Sunday, April 5 2020

VietNamNews

Be careful! Words can hurt

Update: March, 11/2020 - 08:00

 

 

Bích Hường

Many people living in Hà Nội had a sleepless night last Friday as authorities announced the first COVID-19 case in the city.

Some could not sleep because of the fear that the fatal virus had finally hit their city, bringing the possible spread of the deadly virus, quarantines, continued school closures, limited meetings and gatherings and an end to business as usual.

Some other people, particularly netizens did not sleep that night because they spent time searching and sharing the patient’s social media profiles, publishing thousands of updates and comments criticising her, blaming her for bringing the virus to the city.

The patient, who was the 17th COVID-19 patient in Việt Nam, is a young woman who returned from a trip across three European countries – UK, France and Italy but when arriving in Hà Nôi on March 2, she reportedly failed to provide an accurate travel history.

She had a fever on March 2, which worsened on March 5 and she went for a medical check-up at a nearby hospital before she was transferred to the city's National Hospital for Tropical Diseases on Thursday afternoon.

She tested positive for COVID-19 and the result was released on Friday evening. She is now under quarantine at the hospital and those who had contact with her on the flight, at home, at the hospital and elsewhere are also under quarantine. Some have tested positive for the virus too.

It’s understandable and reasonable for people to criticise, blame or be angry with this patient for her irresponsibility towards the community.

Watch our video on the life of people in Trúc Bạch quarantined area

 

Việt Nam has been fighting hard against COVID-19 and all 16 prior patients had successfully recovered and it felt like this patient set us back.

Worse still, we have felt an increased threat to our health and our safety, a feeling many people share with me.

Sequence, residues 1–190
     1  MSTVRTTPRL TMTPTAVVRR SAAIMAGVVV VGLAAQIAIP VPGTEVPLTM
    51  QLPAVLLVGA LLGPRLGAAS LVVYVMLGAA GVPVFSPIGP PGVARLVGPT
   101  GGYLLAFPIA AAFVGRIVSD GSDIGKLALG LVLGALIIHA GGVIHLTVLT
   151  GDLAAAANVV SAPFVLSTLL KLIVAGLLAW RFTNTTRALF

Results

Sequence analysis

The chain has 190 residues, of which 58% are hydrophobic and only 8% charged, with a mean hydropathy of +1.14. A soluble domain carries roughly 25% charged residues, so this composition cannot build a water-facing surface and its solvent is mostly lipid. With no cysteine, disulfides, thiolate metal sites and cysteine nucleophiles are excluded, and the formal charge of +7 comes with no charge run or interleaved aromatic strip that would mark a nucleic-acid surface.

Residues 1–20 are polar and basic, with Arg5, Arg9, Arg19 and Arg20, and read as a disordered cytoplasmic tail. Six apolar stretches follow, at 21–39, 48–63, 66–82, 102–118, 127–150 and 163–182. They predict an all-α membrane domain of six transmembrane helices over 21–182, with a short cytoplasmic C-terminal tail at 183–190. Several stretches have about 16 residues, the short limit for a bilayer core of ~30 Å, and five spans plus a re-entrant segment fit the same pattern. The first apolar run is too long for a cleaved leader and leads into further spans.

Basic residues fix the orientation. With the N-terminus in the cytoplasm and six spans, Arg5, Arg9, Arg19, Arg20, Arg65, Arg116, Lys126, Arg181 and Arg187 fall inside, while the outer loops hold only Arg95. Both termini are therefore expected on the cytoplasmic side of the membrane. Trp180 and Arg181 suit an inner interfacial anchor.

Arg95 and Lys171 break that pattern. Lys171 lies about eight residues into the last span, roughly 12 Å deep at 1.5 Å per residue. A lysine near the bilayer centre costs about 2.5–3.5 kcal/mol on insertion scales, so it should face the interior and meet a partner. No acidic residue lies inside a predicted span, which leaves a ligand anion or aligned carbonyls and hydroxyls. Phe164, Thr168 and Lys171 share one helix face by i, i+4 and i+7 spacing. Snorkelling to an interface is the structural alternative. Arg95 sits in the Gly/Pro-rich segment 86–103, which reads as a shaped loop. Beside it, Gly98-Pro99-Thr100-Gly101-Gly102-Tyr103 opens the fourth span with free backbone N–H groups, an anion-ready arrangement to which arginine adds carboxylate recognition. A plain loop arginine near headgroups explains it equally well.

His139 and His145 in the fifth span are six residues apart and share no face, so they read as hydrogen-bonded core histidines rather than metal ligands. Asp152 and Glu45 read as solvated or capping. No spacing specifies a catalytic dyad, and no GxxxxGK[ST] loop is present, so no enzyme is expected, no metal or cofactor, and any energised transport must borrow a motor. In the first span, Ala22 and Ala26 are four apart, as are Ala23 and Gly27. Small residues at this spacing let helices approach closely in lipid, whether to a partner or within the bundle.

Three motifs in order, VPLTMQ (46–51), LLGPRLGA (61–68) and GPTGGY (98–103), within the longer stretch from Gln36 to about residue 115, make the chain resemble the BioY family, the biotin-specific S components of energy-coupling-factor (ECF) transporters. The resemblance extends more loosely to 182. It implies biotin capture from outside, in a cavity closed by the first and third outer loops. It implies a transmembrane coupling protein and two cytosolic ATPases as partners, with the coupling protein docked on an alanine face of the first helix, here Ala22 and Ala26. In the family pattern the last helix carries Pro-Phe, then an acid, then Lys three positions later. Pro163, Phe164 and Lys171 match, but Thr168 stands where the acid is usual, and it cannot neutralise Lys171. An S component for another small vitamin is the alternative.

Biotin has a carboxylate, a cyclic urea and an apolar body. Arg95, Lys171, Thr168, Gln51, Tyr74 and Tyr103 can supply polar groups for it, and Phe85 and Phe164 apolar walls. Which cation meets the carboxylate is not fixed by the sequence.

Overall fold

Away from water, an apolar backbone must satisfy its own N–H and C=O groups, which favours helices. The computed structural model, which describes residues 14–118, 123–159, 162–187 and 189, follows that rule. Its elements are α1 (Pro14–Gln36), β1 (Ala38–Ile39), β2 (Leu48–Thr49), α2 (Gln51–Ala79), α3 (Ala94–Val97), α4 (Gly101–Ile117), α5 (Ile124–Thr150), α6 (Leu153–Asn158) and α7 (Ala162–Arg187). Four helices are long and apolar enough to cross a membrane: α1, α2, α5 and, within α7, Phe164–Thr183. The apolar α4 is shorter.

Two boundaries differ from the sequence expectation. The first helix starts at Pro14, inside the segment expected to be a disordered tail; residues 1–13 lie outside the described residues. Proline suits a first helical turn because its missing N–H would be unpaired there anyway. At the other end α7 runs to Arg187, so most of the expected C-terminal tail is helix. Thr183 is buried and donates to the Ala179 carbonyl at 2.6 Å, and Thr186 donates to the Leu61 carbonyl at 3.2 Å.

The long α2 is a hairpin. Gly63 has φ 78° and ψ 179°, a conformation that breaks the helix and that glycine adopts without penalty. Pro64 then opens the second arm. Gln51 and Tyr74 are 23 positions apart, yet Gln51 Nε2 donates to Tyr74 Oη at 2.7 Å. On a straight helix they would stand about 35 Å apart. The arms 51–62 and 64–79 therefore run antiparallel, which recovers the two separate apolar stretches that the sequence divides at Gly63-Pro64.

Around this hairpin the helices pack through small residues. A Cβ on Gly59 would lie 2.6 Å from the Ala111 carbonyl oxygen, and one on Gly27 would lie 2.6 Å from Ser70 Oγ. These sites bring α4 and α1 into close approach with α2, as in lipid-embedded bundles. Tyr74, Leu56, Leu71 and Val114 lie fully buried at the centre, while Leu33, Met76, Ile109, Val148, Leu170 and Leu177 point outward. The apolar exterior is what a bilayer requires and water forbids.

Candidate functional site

“As soon as I heard the news, I really got angry with this Patient 17, I even thought about scolding or beating her if I saw her,” said Nguyễn Khánh Anh from Tây Hồ District.

Some people went further on social networks and criticised the patient with foul and vulgar language.

A friend told me she was stunned to see the language used by netizens to describe the patient and criticise her irresponsibility.

“She deserves to be scolded but I don’t think such bad words should be used,” she said.

“We may hear vulgar language every day in many situations in our daily life. It’s annoying enough. It’s unacceptable and should not be accepted,” she said, adding that people could unintentionally use bad language in speech, but not when they typed.

I agree with my friends. Public criticism can help deter those who, like Patient 17, acted irresponsibly towards the community. We cannot be tolerant and gentle with such people. However, being stern doesn't mean accepting vulgar language.

Words can hurt.

Lawyer Đặng Văn Cường from the Hà Nôi Bar Association said according to the Law on Infected Disease Prevention and Control, those who contact people with infectious diseases must report their health situation and follow medical quarantines upon arrival in Việt Nam.

If not, they can face fines regulated in Government Decree 176/2013/NĐ-CP with fines from VNĐ1 million to VNĐ10 million (US$ 43- 430)

Under Article 240 of the revised Criminal Code 2025, those who commit acts that spread infectious diseases face fines of VNĐ50 million to VNĐ200 million or 1-5 years in jail.

Those whose actions lead to the announcement of a disease outbreak face 5-12 years in jail.

So, if there is enough evidence that the patient has committed a crime, Việt Nam has laws and regulations to punish her.

Meanwhile, according to Việt Nam’s Law on Cyber Security effective from January 2019, information that causes serious infringement of the honour, reputation/prestige or dignity of others is banned online.

“Pause before replying to things you disagree with, and don’t post or send anything that could hurt someone else, damage a reputation or threaten someone’s safety.” This is part of the Digital Civility Challenge that Microsoft highlighted this year, calling on people for safer, healthier and more respectful online interactions. Let’s think about joining. VNS

 

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